The AFSC was the second organization to receive the Peace Prize in 1947. This committee came into being in 1917 when the United States was facing World War I. Alike the British co-religionists, the Quakers started working for man by doing good deeds and seeking God's love. Having engaged the Government to be permitted to embrace compassionate work as a choice to war administration, they were allowed the chance to aid in the rebuilding of France. The Quakers were very active in providing aid to the sick and pregnant. They helped people in setting up provisional houses, managed to provide livestock and seed corn. They arranged impressive aid projects in areas in Germany and the Soviet Union where suffering prevailed after the war (The Nobel Prize, 2020).
The Nobel Committee thus wanted to recognize the efforts of the AFSC because of the tremendous charity the group showed and also because it looked past the war and the sides involved in the fighting to see human beings in need. It sought ways to help those human beings in the most basic and humane ways possible—by providing them shelter, food, and relief. The fact that the Nobel Committee chose to honor the organization with this award shows that the work did not go unnoticed or unappreciated. The Nobel Committee also cited the fact that AFSC worked hard to help Jews during the 1930s, which suggests that the Nobel Committee appreciated this outreach. However, the fact that the Zionist organization in Germany at the time was actually working with the Third Reich to relocate Jews to Palestine suggests that the Nobel Committee might have been politicizing an event with this focus on the work of the AFSC. After all the Nobel Committee is known to have done this before, particularly when it awarded the Peace Prize to President Obama shortly after his election without even waiting to see whether the President would continue his predecessor’s campaign of indiscriminate bombing. The Nobel Committee was trying to influence the President with the award, but failed because President Obama did continue the Bush Administration bombing policy without missing a beat. Thus, the politicization of the AFSC’s work by the Nobel Committee can be seen here.
Still, the AFSC was always a competent organization and fully aware of what it was up against in terms of promoting peace in a war-torn century where war hawks and the drums of war were constantly beating. For instance, the AFSC used convincing and effective rhetoric during the 1950s to advocate for peace at a time when the US was very much on guard against encroaching threats in the form of Communism. The use of language that the AFSC made to achieve its objective of promoting peace in the post-War and Cold War era showed that the organization was aware of the challenges of the era but was dedicated to addressing them head on and was not going to act as though they did not exist—and its 1955 pamphlet Speak Truth to Power shows as much (Mechling & Mechling, 1992). In short, the AFSC was culturally competent and understood how to promote the idea of peace at a time when the American culture was still operating under a war mentality.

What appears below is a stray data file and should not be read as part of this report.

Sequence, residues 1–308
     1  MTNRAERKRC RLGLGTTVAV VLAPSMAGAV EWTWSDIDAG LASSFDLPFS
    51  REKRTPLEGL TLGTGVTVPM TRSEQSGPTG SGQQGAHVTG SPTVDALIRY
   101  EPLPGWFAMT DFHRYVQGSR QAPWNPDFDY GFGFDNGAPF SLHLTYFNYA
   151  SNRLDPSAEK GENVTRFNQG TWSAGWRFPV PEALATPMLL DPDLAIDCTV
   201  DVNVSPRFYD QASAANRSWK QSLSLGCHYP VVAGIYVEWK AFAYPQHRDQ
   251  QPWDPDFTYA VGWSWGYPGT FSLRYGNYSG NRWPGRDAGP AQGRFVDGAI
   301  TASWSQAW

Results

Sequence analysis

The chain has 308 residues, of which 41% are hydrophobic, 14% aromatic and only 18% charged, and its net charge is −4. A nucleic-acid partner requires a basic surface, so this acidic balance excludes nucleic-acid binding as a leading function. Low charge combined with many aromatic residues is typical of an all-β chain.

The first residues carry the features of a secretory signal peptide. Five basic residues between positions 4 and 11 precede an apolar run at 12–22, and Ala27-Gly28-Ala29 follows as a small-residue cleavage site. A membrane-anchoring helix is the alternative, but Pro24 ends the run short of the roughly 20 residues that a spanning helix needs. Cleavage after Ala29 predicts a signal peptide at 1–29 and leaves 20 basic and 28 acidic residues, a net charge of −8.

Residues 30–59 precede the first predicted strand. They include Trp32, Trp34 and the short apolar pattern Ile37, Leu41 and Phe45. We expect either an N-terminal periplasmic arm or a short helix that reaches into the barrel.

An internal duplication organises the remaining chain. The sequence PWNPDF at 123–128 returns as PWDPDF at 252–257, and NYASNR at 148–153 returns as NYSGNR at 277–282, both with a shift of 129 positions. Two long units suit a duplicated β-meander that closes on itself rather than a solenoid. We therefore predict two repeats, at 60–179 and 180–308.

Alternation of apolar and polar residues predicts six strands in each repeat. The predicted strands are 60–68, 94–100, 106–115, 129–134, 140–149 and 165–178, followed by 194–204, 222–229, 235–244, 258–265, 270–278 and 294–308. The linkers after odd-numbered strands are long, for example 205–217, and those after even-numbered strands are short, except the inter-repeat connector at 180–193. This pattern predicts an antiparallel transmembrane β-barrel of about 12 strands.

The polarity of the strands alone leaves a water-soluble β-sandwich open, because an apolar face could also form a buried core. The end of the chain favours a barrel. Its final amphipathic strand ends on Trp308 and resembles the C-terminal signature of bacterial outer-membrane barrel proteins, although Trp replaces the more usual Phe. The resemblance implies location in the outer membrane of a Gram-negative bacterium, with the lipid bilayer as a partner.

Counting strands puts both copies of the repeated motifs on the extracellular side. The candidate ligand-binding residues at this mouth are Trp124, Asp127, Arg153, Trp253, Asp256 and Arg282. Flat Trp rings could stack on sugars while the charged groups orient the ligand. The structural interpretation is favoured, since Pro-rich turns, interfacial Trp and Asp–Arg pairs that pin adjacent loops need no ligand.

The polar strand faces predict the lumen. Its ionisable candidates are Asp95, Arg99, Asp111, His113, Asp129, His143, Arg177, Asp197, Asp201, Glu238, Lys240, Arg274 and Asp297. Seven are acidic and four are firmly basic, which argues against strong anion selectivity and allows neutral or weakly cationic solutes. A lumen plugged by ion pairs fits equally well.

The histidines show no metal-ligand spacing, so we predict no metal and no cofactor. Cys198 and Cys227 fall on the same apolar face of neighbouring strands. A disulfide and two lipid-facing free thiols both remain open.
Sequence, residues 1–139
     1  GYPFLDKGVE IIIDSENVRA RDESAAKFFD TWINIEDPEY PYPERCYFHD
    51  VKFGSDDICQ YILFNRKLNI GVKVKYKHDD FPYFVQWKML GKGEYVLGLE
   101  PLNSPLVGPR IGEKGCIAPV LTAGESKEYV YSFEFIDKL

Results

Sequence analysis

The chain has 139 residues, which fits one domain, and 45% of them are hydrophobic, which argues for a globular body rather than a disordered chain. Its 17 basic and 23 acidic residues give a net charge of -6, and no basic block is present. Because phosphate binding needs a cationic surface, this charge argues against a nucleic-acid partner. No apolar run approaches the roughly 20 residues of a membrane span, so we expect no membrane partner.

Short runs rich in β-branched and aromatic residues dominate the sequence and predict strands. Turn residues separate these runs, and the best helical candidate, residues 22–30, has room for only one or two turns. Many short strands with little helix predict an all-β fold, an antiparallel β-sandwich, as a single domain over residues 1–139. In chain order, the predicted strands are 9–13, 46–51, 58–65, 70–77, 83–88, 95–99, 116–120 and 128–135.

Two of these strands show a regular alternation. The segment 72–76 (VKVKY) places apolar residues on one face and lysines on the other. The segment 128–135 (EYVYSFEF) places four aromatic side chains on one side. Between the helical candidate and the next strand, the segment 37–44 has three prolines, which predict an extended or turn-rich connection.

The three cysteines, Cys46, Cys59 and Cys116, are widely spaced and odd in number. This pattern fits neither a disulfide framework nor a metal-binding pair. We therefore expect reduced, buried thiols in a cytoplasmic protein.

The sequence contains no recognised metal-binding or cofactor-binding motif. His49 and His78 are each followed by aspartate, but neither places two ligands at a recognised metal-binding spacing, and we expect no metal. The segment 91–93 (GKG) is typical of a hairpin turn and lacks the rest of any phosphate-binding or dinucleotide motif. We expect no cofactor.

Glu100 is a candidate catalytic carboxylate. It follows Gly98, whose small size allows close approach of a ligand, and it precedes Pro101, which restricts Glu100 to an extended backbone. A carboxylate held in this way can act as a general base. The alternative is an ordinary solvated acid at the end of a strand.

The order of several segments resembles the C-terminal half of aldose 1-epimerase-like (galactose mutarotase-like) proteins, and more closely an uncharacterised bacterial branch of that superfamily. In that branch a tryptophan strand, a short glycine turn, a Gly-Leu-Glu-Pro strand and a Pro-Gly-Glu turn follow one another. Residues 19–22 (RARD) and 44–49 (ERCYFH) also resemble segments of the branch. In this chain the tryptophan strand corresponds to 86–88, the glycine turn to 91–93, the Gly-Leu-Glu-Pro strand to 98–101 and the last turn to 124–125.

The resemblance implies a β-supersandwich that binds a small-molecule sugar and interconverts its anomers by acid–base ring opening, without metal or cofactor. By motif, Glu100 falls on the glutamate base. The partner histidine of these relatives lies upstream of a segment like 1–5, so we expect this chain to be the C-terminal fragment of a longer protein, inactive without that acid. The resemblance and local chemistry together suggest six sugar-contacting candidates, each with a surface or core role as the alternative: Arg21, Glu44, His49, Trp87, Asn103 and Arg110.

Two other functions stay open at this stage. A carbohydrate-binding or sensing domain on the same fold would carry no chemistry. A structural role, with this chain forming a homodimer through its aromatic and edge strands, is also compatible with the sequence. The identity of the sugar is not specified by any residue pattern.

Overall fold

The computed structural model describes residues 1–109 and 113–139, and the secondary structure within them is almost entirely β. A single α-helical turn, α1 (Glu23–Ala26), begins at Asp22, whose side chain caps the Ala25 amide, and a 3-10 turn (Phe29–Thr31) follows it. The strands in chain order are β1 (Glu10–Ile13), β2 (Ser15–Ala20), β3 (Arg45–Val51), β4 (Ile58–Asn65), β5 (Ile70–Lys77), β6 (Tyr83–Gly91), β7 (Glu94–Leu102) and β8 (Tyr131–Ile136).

Thus what distinguishes this group as a peacemaker is its constancy in terms of commitment to the peace movement and its actions, which were deserving of the Nobel Peace Prize in 1947. It showed heart, compassion and commitment to the cause at a time when all other nations were doing their best to destroy one another. There are many other ways in which the AFSC showed its worthiness of the Peace Prize as well. For instance, at the start of the U.S. association in the First World War,
The AFSC served the peace movement all throughout the 20th century, beginning with WWI. The activities of the AFSC are mainly a testament to the organization’s commitment to helping the oppressed and the victims of war, whether they are Jew, African, American, Slav or other. The organization has moved on, however, from being a specifically Quaker organization, though it does still profess Quaker values. It is much more pluralistic in terms of who runs it and how it operates. The work of the AFSC shows that for all the struggles it has seen, what with constant war throughout the century, the message of the organization prevails in the example it puts forward through its deeds.
Franklin, S. (2020). American Friends Service Committee. Retrieved from https://www.mtsu.edu/first-amendment/article/1167/american-friends-service-committee
Frost, J. W. (1992). " Our Deeds Carry Our Message": The Early History of the American Friends Service Committee. Quaker History, 81(1), 1-51.
Ingle, H.L., (2016). "Truly Radical, Non-violent, Friendly Approaches": Challenges to the American Friends Service Committee. Quaker History 105(1), 1-21. DOI:10.1353/qkh.2016.0004.
Mechling, E. W., & Mechling, J. (1992). Hot pacifism and cold war: The American friends service committee's witness for peace in 1950s America. Quarterly Journal of Speech, 78(2), 173-196.
The Nobel Prize. (2020). American Friends Service Committee. Retrieved from https://www.nobelprize.org/prizes/peace/1947/friends-committee/facts/